Ingmar Bergman (1918 – 2007) was a Swedish director, regarded as one of the true greats in the history of film. Between writing, directing, and producing, he was nominated for thirteen Academy Awards, winning for Best Foreign Film three times: The Virgin Spring (1960, the inspiration for the American The Last House on the Left), Through A Glass Darkly (1961), and Fanny And Alexander (1983). Another of his famous films is The Seventh Seal, a Trope Codifier for Chess with Death.
His films have a reputation for being gloomy and surreal. Although he generally tells identifiable "stories," straightforward plot descriptions will rarely give any real indication of what his movies are "about": even criticism of his works tends to sound like psychobabble. Bergman himself even stated that he didn't so much care if the audience understood what he was going for, as long as they felt something. Despite being a poster child for True Art Is Incomprehensible, the list of filmmakers who regard him as being among the best directors ever is long, including Woody Allen, Stanley Kubrick, Martin Scorsese, Steven Spielberg, and Francis Ford Coppola. There's a reason so many of his films have been released in America by The Criterion Collection.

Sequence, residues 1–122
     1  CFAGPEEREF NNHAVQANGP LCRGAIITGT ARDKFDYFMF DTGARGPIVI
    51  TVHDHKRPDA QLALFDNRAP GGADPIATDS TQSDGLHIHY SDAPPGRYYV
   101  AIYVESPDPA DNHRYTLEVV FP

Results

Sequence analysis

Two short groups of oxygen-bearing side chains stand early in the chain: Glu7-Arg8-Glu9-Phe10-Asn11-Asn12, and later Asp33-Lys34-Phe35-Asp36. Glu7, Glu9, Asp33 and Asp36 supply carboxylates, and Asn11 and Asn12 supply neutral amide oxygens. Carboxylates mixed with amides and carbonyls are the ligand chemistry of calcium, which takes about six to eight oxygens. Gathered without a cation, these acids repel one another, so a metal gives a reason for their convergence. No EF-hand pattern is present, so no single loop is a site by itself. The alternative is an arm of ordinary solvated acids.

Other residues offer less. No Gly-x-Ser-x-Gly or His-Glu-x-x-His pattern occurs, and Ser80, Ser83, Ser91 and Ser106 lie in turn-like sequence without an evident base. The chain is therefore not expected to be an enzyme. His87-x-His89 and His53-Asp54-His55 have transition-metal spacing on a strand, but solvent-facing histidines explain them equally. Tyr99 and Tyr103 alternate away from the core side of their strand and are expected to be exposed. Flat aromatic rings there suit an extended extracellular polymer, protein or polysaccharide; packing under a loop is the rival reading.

Not to be confused with and wasn't related to Ingrid Bergman (he once directed her in Autumn Sonata, people on set got them confused).